Careful positioning of the practice on the lot and building signage increase visibility in a not-so-obvious location. Analysis of the view from all angles led to the development of billboard-like elements on two faces of the building that attract attention of passing traffic.
The trio of doctors who own Appanasha Pet Clinic, the longest-established small animal practice in the area of Menasha, Wis., took the task of building a new facility seriously. Originally built in 1963, the clinic had served the community well for 50 years, but the practice had outgrown the space and was in need of an update.
“What started as a one-doctor practice has grown to six doctors,” says co-owner Dr. Murray Hurlburt. “We weren’t wishing for something fancy or additional services, but a better space in which to maintain our quality of service and to add comfort for clients, staff and patients.”
The three long-standing co-owners of the practice wanted to respect the practice’s rich history with the community. A detailed site selection plan helped find a piece of land six blocks from the original building. The site, while affordable and close, lacked great visibility to main traffic areas. The architect found the angles that offered maximum exposure from nearby intersections and used this information to position the facility in order to draw attention from passing traffic and arriving clients.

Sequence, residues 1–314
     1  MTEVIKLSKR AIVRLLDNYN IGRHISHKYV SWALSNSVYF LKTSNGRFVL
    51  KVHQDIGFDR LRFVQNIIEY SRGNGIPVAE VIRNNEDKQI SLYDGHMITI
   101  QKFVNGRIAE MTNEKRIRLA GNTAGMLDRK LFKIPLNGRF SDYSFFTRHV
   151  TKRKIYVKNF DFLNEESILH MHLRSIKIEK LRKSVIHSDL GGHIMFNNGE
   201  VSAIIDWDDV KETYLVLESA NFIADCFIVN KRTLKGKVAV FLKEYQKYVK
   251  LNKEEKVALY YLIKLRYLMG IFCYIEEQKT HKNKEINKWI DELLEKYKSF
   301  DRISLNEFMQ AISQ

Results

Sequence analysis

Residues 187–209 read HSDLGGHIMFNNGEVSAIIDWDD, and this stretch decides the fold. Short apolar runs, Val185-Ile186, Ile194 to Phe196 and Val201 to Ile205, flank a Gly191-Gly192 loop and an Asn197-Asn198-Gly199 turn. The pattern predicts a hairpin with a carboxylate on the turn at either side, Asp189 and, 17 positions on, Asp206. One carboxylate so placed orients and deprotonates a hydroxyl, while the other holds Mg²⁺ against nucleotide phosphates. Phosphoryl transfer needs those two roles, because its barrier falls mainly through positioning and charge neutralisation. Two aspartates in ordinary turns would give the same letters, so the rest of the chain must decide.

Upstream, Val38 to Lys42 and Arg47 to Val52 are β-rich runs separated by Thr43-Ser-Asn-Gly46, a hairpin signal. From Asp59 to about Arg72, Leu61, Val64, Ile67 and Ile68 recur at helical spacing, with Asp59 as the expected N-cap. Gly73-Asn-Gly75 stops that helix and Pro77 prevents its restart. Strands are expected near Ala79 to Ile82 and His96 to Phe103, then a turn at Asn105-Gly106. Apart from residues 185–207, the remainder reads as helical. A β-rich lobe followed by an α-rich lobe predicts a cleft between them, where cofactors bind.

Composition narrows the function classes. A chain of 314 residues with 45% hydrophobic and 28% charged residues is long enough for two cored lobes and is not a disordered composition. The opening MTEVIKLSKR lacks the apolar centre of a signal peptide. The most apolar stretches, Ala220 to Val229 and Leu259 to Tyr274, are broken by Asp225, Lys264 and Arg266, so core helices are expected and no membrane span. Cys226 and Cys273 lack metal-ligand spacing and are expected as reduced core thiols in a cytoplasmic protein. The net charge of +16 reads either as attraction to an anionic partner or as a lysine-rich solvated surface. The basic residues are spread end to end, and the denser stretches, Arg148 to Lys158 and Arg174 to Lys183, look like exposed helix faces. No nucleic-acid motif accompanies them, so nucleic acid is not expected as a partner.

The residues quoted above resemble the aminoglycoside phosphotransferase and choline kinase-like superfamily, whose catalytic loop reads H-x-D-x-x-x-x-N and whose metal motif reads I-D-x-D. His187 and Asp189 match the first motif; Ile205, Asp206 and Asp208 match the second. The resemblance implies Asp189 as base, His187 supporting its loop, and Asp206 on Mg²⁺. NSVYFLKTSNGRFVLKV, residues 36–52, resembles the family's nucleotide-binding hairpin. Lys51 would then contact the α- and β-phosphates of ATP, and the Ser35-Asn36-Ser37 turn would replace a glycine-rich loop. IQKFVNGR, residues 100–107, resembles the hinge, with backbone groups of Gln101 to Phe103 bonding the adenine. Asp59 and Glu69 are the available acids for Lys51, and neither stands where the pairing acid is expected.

In addition, two billboard-like design elements were added to the most visible sides of the building, with the practice name prominently displayed from a distance.
“As with everything in our design process, we took our time making sure this was done right and for the benefit of our clients and patients,” says Dr. Hurlburt. “Being farther away from a busy road in a quieter neighborhood suits us well, while still giving us visibility.”
The doctors planned and saved for this project for three years, encouraging design input from clients and staff members along the way. According to Dr. Hurlburt, this allowed fees to remain stable and everyone to feel invested in the process.
Apparently, the three partners accomplished their goal. Business is booming, the hospital was recently crowned the 2014 Veterinary Economics People’s Choice—and even the long-retired founder of the practice approves. He attended the open house and gave his blessing.
Traffic visibility is important, but don’t abandon the perfect site because people can’t easily see it.
Photography credit: Phil Weston, Weston Imaging Group
A long reception area offers clients and patients space to separate themselves from others. The area features comfortable, cushioned seating that’s large enough to accommodate pets and carriers; a coffee nook and kids’ play area; and a dog water fountain adjacent to the coffee nook.
All exam rooms are equipped with in-cabinet outlets for otoscope and opthalmoscopes and data connections. Dry-erase boards in each exam room aid in client education. For clients, cushioned benches offer space to snuggle with pets while waiting.
With windows throughout much of the hospital, doctors and staff members can see into the treatment area from just about anywhere. Surgery, surgery prep, recovery cages and doctors’ offices all look directly into the two-table treatment area.
The laboratory is conveniently located in between the exam rooms and doctors' offices, with easy access to treatment areas and runs. Above, exhaust for the purge ventilation system provides odor control via cold air returns.